The best advice I was given about managing stress is to simply focus on the task at hand. If it’s something that has to be dealt with and you can do something about it, then do it. If something is happening and there is nothing you can do about it, then don’t worry about it.
Being where you are in life now, what advice can you share with students who are pursuing dentistry?
Dentistry is a wonderful profession with a lot of autonomy, stability and relatively low stress, when compared with some more medically involved clinical careers. There are amazing opportunities within dentistry to build lucrative businesses while helping a lot of people. That being said, there are significant disparities between those who can and cannot afford and access dental care in this country, and the providers share a big part of the responsibility in setting the terms upon which patients can access them for care. I would encourage all aspiring dentists to keep the larger systemic issues of the healthcare industry in mind and to think about how you can use your skills and abilities to level the field, put people before profits and contribute to a more equitable society.
In your opinion, what will be the future of dental business?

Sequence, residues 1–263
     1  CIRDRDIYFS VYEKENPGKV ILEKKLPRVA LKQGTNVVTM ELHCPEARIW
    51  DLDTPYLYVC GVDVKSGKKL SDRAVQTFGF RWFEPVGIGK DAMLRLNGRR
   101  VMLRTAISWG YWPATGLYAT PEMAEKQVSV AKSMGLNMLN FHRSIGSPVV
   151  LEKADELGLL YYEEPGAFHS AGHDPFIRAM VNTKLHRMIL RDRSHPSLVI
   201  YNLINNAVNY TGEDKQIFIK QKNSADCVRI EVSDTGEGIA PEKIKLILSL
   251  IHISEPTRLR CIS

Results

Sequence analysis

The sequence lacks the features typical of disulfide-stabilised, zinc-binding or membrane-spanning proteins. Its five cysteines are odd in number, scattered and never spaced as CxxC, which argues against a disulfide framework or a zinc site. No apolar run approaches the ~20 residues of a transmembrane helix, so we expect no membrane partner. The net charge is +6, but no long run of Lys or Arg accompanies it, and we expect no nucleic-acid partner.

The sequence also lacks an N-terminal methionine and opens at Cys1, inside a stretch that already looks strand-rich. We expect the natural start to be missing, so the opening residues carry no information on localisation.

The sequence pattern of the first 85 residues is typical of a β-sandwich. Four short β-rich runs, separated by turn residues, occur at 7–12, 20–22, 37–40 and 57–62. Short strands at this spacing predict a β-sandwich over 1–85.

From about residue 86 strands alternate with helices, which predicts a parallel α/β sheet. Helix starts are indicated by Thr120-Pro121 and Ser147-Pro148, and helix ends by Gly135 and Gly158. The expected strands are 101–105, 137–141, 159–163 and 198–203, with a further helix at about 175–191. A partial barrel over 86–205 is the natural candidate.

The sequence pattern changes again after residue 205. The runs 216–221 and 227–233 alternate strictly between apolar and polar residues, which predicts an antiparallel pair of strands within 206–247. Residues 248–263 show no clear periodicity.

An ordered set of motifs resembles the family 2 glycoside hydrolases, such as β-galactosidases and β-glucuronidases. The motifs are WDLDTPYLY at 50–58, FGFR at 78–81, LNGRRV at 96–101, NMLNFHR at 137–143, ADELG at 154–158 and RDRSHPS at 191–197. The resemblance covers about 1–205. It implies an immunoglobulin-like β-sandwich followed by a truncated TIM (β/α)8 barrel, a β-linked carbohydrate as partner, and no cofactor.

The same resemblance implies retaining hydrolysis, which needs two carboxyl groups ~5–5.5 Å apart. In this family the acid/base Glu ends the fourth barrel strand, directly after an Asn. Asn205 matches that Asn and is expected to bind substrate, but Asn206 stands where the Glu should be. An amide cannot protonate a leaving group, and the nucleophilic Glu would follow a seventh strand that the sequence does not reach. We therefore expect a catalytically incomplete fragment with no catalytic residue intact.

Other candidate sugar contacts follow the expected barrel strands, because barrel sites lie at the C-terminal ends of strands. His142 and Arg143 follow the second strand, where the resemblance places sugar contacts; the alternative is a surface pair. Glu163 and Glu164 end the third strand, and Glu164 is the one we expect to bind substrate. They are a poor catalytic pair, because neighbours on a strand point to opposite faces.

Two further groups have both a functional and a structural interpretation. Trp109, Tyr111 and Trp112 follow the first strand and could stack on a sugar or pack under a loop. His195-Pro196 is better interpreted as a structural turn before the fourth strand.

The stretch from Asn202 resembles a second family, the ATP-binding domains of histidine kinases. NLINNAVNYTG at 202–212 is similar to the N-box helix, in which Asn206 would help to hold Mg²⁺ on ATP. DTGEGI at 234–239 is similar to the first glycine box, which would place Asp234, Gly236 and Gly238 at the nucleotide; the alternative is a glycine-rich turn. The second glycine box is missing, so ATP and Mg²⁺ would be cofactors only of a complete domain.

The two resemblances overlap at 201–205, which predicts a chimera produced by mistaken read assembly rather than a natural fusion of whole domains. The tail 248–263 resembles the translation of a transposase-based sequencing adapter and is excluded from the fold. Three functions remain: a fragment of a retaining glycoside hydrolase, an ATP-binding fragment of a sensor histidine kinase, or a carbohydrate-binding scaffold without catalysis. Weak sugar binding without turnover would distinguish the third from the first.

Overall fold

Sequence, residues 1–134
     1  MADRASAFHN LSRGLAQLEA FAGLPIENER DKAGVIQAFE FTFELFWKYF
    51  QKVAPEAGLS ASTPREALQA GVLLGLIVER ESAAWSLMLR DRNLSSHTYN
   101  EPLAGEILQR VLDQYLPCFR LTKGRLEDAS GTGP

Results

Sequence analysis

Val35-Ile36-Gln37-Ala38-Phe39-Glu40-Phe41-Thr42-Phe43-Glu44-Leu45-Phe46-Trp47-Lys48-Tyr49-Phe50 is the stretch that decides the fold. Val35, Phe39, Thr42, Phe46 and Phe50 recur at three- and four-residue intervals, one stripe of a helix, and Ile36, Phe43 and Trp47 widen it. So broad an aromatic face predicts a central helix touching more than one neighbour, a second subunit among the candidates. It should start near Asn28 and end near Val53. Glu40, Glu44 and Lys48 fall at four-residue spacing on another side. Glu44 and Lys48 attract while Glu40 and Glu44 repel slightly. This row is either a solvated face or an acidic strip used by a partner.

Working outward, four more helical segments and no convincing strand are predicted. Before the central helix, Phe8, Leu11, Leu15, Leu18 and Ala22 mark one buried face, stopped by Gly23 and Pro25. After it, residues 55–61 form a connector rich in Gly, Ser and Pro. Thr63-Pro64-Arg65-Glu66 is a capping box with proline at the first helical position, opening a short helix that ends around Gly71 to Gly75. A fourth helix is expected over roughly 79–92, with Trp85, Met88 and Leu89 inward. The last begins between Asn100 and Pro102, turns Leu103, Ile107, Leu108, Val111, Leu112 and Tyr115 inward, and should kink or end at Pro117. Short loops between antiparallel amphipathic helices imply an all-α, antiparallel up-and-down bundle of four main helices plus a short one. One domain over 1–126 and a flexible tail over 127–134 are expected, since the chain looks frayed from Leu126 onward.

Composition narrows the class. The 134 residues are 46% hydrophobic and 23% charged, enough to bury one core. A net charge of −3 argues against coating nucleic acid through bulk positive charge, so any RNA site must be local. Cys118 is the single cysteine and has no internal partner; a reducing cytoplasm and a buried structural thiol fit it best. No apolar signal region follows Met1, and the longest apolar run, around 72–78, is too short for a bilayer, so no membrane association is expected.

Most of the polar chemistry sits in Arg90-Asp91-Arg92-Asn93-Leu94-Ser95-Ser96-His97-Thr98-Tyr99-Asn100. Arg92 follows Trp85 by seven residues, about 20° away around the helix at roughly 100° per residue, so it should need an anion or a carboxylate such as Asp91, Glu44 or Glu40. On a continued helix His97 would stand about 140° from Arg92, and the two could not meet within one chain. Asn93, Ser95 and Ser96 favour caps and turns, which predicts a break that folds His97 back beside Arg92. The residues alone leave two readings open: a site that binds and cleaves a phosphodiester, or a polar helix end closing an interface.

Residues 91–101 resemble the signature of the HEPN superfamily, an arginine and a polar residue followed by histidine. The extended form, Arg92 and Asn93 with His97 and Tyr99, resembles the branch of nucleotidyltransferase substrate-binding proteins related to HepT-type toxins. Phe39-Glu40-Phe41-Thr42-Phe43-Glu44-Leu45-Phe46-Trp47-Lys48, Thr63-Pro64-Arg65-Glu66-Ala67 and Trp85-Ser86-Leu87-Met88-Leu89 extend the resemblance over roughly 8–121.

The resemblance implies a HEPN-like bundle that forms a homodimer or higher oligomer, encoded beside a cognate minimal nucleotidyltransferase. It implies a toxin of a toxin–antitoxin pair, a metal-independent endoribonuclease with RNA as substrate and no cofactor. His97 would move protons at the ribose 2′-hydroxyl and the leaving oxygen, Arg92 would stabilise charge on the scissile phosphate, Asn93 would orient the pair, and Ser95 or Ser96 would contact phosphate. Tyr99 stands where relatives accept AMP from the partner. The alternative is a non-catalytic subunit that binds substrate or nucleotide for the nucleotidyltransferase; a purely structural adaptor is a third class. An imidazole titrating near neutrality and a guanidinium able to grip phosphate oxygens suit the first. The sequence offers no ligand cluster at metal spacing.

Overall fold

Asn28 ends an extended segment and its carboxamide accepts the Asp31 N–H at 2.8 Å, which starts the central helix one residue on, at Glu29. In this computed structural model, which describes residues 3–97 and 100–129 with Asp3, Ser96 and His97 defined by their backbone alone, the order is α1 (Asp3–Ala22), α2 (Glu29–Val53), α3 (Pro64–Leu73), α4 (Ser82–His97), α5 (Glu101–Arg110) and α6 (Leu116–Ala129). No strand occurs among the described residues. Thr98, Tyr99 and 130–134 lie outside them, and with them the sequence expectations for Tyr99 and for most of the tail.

One of the hottest topics right now is the infusion of private equity into the DSO space and the rapid consolidation of small individually owned practices. With ever-increasing tuition and more large group practices, new dentists may see fewer opportunities to operate their own practice.
As more healthcare data is aggregated, insurance companies may leverage this information to change how they provide coverage to patients and, thus, affect reimbursement to providers. With the heightened attention toward healthcare reform, we may see consolidation on the insurance front as well. For example, medical coverage in dentistry has seen increased attention as dentists have used technology to expand their service offerings to perform medically involved procedures, and dentists become a point of primary care screening of diseases that have manifestation in the oral cavity. Branded aligner companies have led the charge in creating competitive retail offerings to traditional dental procedures and drawn patients away from the traditional practice setting for care.
These are but a few examples of trends I’ve been monitoring as part of my work; however, true changes will take years, if not decades, to manifest. I often describe what’s happening in dentistry as being 10 years behind what has happened to medicine and general healthcare. To catch a glimpse of where dentistry is going, just see where medicine is now!
~Christy Zuo, ArtCenter College of Design ’20, ASDA Predental Advisory Committee Member